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$7 Million

By Jeff Jones
Journal Politics Writer
    Gov. Bill Richardson has collected $7 million in presidential campaign cash the second quarter of the year, his campaign said Friday, surpassing the $6.2 million he raised in the first quarter.
    "We had said all along our goal was to beat the first-quarter number, and we've done that," campaign spokesman Pahl Shipley said. "We're very pleased."
    The new money came from more than 24,000 individual contributors around the nation, Shipley added, raising to more than 38,000 the total number of contributors to Richardson's presidential quest since he stepped into the race in late January.
    One independent political observer said Friday that Richardson's take in the second quarter— which officially draws to a close at midnight today— shows his campaign hasn't lost traction.
    "(It) shows he's certainly steady and not slipping in support," said Charles Franklin, a University of Wisconsin political science professor and co-developer of the Pollster.com polling Web site.
    Richardson's take could put him closer to John Edwards, who is widely regarded as the third-place contender in the race for the Democratic nomination.
    According to Edwards' campaign Web site, he had raised just over $8.7 million as of Friday evening and was hoping to hit $9 million— a significant drop from the more than $14 million he posted in the first quarter.
    Meanwhile, Democratic front-runner Hillary Clinton was expected to rake in around $27 million, while second-place candidate Barack Obama's take could go even higher.
    "There was a time we would think a total take of $13 million in the first half of the year ... would have been great," Franklin said. But he added that, with the record numbers raised by the top two, Richardson would "disappear" in national media coverage about the Democratic money race.
    The frantic dash for presidential cash has become a perceived bellwether of the strength— or weakness— of any given candidate's campaign.
    Richardson's first-quarter take of $6,249,355 was far behind that of Clinton ($26 million) and Obama ($25 million). But Richardson's money numbers were ahead of others said to share the so-called second tier with him: Chris Dodd raised $4 million in the first quarter, while Joe Biden managed just $2 million.
    However, the figures don't allow for an apples-to-apples comparison due to the way Richardson has chosen to collect his campaign cash.
    Under federal rules, an individual can contribute up to $2,300 per candidate for the primary and caucus campaign and another $2,300 for the general election race.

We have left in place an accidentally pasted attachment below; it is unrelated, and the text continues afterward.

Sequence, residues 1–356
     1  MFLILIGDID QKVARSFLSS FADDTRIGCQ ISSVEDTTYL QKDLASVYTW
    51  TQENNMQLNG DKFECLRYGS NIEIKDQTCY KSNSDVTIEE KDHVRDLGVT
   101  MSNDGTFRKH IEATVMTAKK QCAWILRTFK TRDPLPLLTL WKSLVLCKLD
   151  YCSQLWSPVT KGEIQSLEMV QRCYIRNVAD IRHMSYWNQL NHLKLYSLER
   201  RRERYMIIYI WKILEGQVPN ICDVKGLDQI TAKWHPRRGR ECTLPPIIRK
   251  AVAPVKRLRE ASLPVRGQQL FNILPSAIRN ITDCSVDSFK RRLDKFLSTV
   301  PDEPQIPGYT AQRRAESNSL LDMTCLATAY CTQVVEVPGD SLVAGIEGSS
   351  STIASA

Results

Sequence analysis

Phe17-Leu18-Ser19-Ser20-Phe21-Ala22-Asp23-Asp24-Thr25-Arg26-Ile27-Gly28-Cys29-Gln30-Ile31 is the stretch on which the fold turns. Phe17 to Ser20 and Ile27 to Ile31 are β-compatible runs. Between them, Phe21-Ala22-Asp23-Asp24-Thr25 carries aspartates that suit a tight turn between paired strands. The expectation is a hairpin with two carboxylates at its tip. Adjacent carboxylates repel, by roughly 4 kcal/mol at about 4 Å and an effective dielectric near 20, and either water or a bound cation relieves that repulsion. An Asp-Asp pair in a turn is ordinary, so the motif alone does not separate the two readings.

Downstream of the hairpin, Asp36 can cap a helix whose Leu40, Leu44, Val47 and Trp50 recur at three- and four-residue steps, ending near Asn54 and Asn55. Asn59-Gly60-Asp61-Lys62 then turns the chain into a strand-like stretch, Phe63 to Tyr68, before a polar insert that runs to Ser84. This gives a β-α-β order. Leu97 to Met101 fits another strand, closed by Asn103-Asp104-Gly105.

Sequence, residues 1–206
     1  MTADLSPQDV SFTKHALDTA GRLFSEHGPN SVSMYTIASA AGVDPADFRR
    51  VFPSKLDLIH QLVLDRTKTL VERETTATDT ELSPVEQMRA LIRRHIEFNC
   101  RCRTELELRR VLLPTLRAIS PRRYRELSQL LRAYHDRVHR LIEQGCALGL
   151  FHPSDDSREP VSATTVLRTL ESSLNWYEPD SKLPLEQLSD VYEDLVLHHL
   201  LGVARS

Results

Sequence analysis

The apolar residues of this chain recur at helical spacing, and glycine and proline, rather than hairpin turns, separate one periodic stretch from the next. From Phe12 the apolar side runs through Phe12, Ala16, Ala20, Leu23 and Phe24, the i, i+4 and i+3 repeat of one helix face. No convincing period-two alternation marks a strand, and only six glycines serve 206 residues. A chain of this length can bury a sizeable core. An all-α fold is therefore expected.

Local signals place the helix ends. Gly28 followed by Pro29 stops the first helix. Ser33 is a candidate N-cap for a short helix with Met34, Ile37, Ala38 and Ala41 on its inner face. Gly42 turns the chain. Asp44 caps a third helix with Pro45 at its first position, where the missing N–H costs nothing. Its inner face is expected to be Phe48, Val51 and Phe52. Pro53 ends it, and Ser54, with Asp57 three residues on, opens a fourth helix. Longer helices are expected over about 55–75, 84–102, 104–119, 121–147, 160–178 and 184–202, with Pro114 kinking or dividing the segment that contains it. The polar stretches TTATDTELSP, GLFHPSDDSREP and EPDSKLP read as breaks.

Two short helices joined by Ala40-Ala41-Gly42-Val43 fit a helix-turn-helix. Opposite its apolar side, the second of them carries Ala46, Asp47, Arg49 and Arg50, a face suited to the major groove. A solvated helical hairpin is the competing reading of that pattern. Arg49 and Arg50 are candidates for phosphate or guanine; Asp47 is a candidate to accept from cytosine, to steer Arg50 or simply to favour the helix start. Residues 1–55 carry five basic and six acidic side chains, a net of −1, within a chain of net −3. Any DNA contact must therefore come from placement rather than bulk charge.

Clinton, Obama and Edwards have opted to accept all $4,600 upfront from willing donors, although they can't spend half of that money unless or until they win the nomination.
    Richardson has opted to take only the $2,300 limit, which would allow him to collect another $2,300 from each of his contributors if he were to score the nomination.
    Specifics on who gave to Richardson in the second quarter— and where those donors hail from— aren't due to the Federal Election Commission until mid-July, when they will become public record.
    More than $2.8 million of Richardson's first-quarter take came from New Mexico contributors.
    One political expert has said candidates initially reach out to their known, reliable supporters in the first quarter, adding that the second-quarter figure is a more reliable measurement of fundraising capacity.
    While Richardson raised more in the second round, he had significantly more time to do it: In the first quarter, his money didn't start flowing until his late-January candidacy announcement, and he was busy with the annual legislative session, which wound up in March.
    "For a candidate like Richardson, a governor who's not run a national campaign before, having steady money coming in in the second quarter does indicate he didn't just go to the friends he had and tap them out," Franklin said.
    "If all of these campaigns are going to sustain such high spending levels," he added, "they're going to have to be able to tap an ever-expanding donor base."
    Like the other campaigns, the Richardson camp's sprint for cash continued late into the week:
    In an e-mail to supporters Thursday, campaign manager Dave Contarino said the camp was aiming to raise $2 million this week alone and asked them to dash off a check.
    "Give Bill what it takes to win— he'll take it from there," Contarino urged in the letter.

E-MAIL writer Jeff Jones